The invitation of the Paris Agreement  to formulate and submit by 2020 long-term low greenhouse gas emission development strategies (LT-LEDS) is just a charitable public relations exercise.

LT-LEDS provide the long-term horizon to the NDCs. Unlike NDCs, they are not mandatory. Some jurists have pointed out for long that international law is no law, the experience with mandatory Kyoto Protocol vindicates their stance. Paris Agreement and NDCs under it are weaker than commitments under Kyoto Protocol. 

The Paris Agreement provides a framework for financial, technical and capacity building support to those countries who need it. The Agreement being voluntary in nature, the framework remains an empty shell. 

The Paris Agreement reaffirms that developed countries must take the lead in providing financial assistance to countries that are less endowed and more vulnerable. Climate finance is needed for mitigation, because large-scale investments are required to significantly reduce emissions. Climate finance is equally important for adaptation, as significant financial resources are needed to adapt to the adverse effects and reduce the impacts of a changing climate. Unmindful of climate injustice by rich nations at least since 1750, these countries remain trapped in a business as usual mode. 

The Paris Agreement has vision for technology development and transfer for both improving resilience to climate change and reducing GHG emissions. It is akin to verbal assurance. 

With the Paris Agreement, countries established an enhanced transparency framework (ETF). Under ETF, from 2024, countries are supposed to report transparently on actions taken and progress in climate change mitigation, adaptation measures and support provided or received. It is a post dated cheque.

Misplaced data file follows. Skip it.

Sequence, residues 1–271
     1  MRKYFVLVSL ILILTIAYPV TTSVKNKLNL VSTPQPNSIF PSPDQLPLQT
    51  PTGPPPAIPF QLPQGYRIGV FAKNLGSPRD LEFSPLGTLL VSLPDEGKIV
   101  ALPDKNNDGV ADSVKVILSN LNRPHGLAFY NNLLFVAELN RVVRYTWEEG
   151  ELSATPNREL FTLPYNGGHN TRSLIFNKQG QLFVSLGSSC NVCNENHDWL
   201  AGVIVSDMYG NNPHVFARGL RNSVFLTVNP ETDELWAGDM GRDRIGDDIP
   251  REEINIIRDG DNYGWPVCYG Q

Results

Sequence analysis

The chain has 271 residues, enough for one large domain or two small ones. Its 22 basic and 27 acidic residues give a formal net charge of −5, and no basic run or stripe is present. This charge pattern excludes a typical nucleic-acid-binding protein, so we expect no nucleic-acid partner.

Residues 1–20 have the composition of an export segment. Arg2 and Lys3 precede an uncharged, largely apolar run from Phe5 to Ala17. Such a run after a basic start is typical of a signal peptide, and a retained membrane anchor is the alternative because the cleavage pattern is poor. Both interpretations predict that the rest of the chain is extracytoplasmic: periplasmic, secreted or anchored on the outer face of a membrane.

To achieve the goals of the Paris Agreement, the years since its entry into force countries, regions, and cities are establishing carbon neutrality targets. The firms are doing so as part of their corporate  social responsibility and for ethical positioning of their brands. Zero-carbon solutions has entered the imagination of economic sectors. But ground reality reveals gulf between fertile imagination, pious intention and implementation. 

The poverty of imagination displayed by heads of nation states and corporations in the aftermath of the publication of study of first working group as part of Sixth Assessment Report (AR6) of the UN's Intergovernmental Panel on Climate Change (IPCC) that has provided assessment of scientific, technical, and socio-economic information concerning climate crisis, is disconcerting. The study titled "Climate Change 2021: The Physical Science Basis" released on 9 August 2021 states that the only way to avoid warming of 1.5 °C or 2 °C is to undertake radical cuts (of upto 50 ℅ by 2030 and 100 ℅ by 2050) in greenhouse gas emissions to prevent irreversible climate disruption. Global temperature is expected to peak  at 1.6°C during 2041-2060. 

The public hearing engaged with the memory of communities, and nature to confront inequality and injustice.